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Corrupt government actors who have profited from bribes and other wrongful conduct want to spend their ill-gotten gains. So do kleptocrats, drug dealers and other criminals. Individuals and entities subject to U.S. economic sanctions want to make purchases on the global markets and protect their ill-gotten gains. In order to shield their dirty money and access global markets, these bad actors take advantage of offshore banking in jurisdictions offering financial secrecy – including the U.S. – and engage in money laundering to cover their financial tracks.
Money launderers use financial institutions to make their dirty money appear clean, often using opaque and multi-layered corporate structures. Banks and other financial institutions are subject to a number of laws and regulations designed to prevent and detect money laundering. Financial institutions that fail to comply with these anti-money laundering (AML) rules are subject to criminal and civil liability. Whistleblower rewards may be available to those who report violations of AML laws and regulations.
Money laundering enables criminals and fraudsters to reap the benefits of their crimes. Money laundering, therefore, overlaps with other wrongdoing, and AML efforts are critical to helping governments stop crime, tax evasion, bribery, and terrorist financing. Whistleblowers who come forward with information about violations of anti-money laundering rules not only help protect the integrity of our financial systems; they also make it harder for criminals to profit from their crimes.
Money laundering moves ill-gotten or illegal funds into the financial system in a way that makes it difficult to detect or, later, trace, the source and nature of the funds. Money laundering can involve:
U.S. and other laws aim to stop unlawful money laundering by regulating the actions of financial institutions. In the U.S., the Bank Secrecy Act and related regulations (“Title X”) require U.S. financial institutions to comply with anti-money laundering (AML) requirements. First passed in 1970, the BSA has been amended and strengthened many times over the years.
The fundamental requirement of AML compliance is the adoption and implementation of internal controls, which include comprehensive customer due diligence (CDD) policies, procedures, and processes. Financial institutions must follow know your customer (KYC) rules, and the risks presented by those customers, so that they can identify, detect, and evaluate unusual or suspicious activities.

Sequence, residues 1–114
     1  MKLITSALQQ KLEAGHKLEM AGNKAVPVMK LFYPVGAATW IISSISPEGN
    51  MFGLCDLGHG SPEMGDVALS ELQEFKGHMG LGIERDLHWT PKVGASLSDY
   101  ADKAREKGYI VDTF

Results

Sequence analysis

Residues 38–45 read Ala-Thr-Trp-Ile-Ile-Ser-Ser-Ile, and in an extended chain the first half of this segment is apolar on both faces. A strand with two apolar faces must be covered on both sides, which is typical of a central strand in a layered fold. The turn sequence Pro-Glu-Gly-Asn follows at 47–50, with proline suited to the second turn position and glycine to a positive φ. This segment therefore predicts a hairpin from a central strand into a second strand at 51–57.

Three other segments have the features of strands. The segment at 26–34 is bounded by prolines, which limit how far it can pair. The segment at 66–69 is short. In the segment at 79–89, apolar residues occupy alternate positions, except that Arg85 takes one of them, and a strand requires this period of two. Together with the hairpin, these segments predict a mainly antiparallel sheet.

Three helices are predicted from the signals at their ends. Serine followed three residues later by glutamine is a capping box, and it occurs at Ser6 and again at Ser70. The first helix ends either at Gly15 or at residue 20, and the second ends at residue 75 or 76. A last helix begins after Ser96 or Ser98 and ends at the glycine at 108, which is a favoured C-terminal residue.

Entities subject to the BSA must generally:
In addition to BSA requirements, U.S. persons including financial institutions are required to comply with economic sanctions programs administered by the Office of Foreign Assets Control (OFAC). OFAC maintains lists of sanctioned countries and persons whose property is subject to blocking and with whom U.S. persons cannot conduct business. It also administers country-based trade restrictions. OFAC rules require covered financial institutions to block accounts and transactions that are held or used by, or on behalf of, sanctioned individuals and entities.
A broad range of “financial institutions” are subject to AML and sanctions laws and regulations, although the exact nature of requirements can vary depending on the type of financial institution. Covered financial institutions include any person or entity acting within the U.S. as:
Money laundering is international in scope, with illicit cash regularly crossing borders. Foreign financial institutions are subject to many U.S. AML regulations, and U.S. financial institutions are subject to specific rules regarding handling of funds from foreign financial institutions.